Norwegian Language Blog

Ice Harvesting in Norway Posted by on Jan 31, 2011 in Norway and the world


On any given day between November and March (give or take a bit), I can have a chunk of ice in my hand within 1 minute.  If I wanted to, I could refrigerate and freeze all of my perishable items right outside of my door.  Because it’s 2011 in the developed world, during the spring and summer, ice makers do the work.  Therefore, I have never thought about the availability of ice.  I can always have a really cold beverage and preserve food in the summer.  If I were a restaurant or bar owner in England or Italy prior to the 20th century, however, the most efficient way to obtain ice would have been of great interest to me.  And it was for many in the food and beverage service industry at that time.

not specific to ice harvest in Norway of course, but shows how important it was!

During the 17th century, clever Brits would use ice from nearby ponds and lakes to fill up their home-made ice storage houses, which were stored underground.  For private purposes, this method sufficed.  When the bar and restaurant scene came alive in the 18th and 19th centuries, this method was not sufficient for an increased ice demand.  Restaurant and bar owners had to figure out a way to get more ice.  The closest, coldest place was….Norway of course!

The first person to import ice from Norway was that father of a Londan man named William Leftwich, the first ice merchant.  Carlo Gatti, a Swiss-Italian entrepeneur, however, was much more heavily involved in importing ice from Norway for his ice cream business.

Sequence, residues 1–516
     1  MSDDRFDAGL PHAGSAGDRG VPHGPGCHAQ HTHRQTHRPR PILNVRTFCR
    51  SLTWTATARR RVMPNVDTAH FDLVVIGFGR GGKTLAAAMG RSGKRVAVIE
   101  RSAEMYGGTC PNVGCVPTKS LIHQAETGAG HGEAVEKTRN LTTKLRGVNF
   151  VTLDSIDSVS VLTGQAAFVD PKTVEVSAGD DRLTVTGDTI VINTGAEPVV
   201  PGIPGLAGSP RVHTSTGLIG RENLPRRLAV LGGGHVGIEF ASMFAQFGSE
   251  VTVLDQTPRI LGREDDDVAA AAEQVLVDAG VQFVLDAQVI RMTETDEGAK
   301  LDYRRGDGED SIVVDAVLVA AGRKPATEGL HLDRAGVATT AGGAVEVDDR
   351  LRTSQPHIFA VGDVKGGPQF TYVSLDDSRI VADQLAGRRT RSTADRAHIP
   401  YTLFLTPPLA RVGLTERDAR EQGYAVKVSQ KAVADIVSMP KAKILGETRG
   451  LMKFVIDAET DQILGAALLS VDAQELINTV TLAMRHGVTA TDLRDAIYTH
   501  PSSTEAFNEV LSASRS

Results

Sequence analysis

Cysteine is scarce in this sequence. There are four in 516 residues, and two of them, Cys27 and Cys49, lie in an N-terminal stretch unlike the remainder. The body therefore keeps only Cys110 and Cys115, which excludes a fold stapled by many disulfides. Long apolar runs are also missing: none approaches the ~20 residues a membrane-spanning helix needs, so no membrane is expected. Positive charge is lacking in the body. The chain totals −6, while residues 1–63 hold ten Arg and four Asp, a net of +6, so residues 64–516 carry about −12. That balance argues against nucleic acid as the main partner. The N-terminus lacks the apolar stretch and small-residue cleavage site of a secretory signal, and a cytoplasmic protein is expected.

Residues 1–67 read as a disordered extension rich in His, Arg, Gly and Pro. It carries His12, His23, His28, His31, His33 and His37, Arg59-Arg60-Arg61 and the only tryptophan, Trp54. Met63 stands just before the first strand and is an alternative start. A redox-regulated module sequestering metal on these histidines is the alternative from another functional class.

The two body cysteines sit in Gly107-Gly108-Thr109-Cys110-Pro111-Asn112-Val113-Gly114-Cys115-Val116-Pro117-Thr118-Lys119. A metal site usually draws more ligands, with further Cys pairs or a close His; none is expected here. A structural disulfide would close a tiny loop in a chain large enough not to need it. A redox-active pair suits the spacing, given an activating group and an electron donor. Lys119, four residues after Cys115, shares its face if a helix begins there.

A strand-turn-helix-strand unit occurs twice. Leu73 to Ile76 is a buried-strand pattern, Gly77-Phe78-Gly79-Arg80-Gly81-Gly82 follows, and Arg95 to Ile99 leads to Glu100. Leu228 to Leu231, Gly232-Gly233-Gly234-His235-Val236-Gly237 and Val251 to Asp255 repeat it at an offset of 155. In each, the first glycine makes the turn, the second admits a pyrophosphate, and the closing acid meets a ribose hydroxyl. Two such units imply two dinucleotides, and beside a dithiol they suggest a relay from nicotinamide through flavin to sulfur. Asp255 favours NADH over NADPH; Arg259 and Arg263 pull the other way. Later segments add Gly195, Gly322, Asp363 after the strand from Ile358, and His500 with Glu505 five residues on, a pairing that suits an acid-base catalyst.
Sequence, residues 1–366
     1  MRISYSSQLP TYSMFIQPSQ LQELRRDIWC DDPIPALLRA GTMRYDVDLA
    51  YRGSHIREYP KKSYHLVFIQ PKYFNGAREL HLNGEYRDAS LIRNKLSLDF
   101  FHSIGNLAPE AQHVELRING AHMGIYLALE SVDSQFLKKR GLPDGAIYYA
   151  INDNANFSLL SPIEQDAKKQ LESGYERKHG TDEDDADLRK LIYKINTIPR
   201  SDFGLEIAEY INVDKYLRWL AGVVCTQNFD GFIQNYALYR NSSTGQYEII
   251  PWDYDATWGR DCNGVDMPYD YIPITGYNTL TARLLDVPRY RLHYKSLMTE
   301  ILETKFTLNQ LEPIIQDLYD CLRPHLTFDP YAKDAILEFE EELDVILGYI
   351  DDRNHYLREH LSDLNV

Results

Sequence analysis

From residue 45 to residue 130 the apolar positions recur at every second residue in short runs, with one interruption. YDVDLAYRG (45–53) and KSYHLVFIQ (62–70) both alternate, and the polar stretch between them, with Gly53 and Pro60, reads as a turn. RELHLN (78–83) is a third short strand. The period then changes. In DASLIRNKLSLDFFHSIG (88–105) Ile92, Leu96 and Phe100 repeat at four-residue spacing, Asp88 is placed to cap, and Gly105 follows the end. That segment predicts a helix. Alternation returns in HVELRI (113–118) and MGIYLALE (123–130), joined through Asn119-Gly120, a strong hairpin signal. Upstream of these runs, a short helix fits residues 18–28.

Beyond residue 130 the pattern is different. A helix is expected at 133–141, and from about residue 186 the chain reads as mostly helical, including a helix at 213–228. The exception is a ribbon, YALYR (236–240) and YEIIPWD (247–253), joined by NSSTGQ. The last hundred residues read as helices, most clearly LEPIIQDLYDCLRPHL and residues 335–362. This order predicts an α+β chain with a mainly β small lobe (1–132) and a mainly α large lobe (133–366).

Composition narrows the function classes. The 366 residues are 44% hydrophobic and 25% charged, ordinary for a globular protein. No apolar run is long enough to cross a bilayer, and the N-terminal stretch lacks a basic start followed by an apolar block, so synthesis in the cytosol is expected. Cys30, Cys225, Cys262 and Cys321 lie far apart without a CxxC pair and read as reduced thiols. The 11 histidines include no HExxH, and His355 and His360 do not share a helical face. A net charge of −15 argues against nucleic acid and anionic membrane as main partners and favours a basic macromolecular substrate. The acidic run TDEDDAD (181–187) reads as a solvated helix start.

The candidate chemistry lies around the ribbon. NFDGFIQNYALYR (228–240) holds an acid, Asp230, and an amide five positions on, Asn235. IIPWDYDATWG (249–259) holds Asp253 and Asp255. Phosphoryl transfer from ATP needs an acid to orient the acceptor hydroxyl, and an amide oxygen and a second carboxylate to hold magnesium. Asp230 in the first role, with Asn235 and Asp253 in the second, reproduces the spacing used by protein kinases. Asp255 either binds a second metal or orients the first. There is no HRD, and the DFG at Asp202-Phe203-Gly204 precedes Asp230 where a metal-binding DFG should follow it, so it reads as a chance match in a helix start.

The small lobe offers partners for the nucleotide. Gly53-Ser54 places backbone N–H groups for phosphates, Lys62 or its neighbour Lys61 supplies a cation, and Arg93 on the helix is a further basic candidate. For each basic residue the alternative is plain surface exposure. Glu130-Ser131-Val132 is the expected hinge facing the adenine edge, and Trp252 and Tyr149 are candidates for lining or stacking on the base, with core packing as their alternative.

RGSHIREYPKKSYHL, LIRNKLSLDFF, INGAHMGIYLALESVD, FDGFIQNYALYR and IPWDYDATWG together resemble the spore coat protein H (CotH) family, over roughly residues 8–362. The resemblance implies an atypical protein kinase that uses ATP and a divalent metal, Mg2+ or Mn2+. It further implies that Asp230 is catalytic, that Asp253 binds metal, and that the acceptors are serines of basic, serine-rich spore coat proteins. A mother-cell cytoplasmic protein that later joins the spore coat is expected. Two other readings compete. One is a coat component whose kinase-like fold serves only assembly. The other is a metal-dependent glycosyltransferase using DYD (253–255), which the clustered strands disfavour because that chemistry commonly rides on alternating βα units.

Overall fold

How Norwegian Ice was ‘Harvested’

  • When the ice was 1-3 feet thick its surface was cleaned of all leaves, twigs grasses and snow.
  • Ice ploughs drawn by horses went over the ice cutting it into strips about two feet wide.
  • Men with large handsaws cut these strips into two foot squares, and using giant tongs they hooked the squares out of the water.
  • The fjord had steep sides which were furnished with wooden slides. The blocks of ice slid down these chutes to the jetty where they were loaded into the ship’s hold.
  • For London orders, the sailing ships came to Regent’s Canal Dock, Limehouse. They were unloaded and the ice professionally weighed.
  • The ice was loaded onto a cart or barge and carried to the ice well for storage. It was then delivered to customers by horse and cart.

written by Kathleen Duffy on the Suite 101 website


Ice harvesters were most commonly sailors who couldn’t be on the water during the winter months due to ice.  Working with ice was hard labor and there was fierce competition among ships in the industry.  These sailors eventually had to find other work starting at the end of the 19th century.  In the 1890s artificial ice was invented and thus removed the demand for ice from Norway.

Who knows if it’s true or not, but ice harvesters claimed that artificial ice was not as pure and did preserve food for as long as real ice did.  I’d be willing to bet they were right.


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About the Author: kari

I attended St. Olaf College in Northfield, MN, where I majored in Norwegian and History. During college, I spent almost a year living in Oslo, Norway, where I attended the University of Oslo and completed an internship at the United States Embassy. I have worked for Concordia Language Villages as a pre-K Norwegian teacher and have taught an adult Norwegian language class. Right now, I keep up by writing this Norwegian blog for Transparent Language. Please read and share your thoughts! I will be continuing this blog from my future residence in the Norwegian arctic!


  1. Elisabeth Ward:

    Hello Kari,

    Thanks for this great blog! I’d love to know what sources you might have for researching this further. Thank you!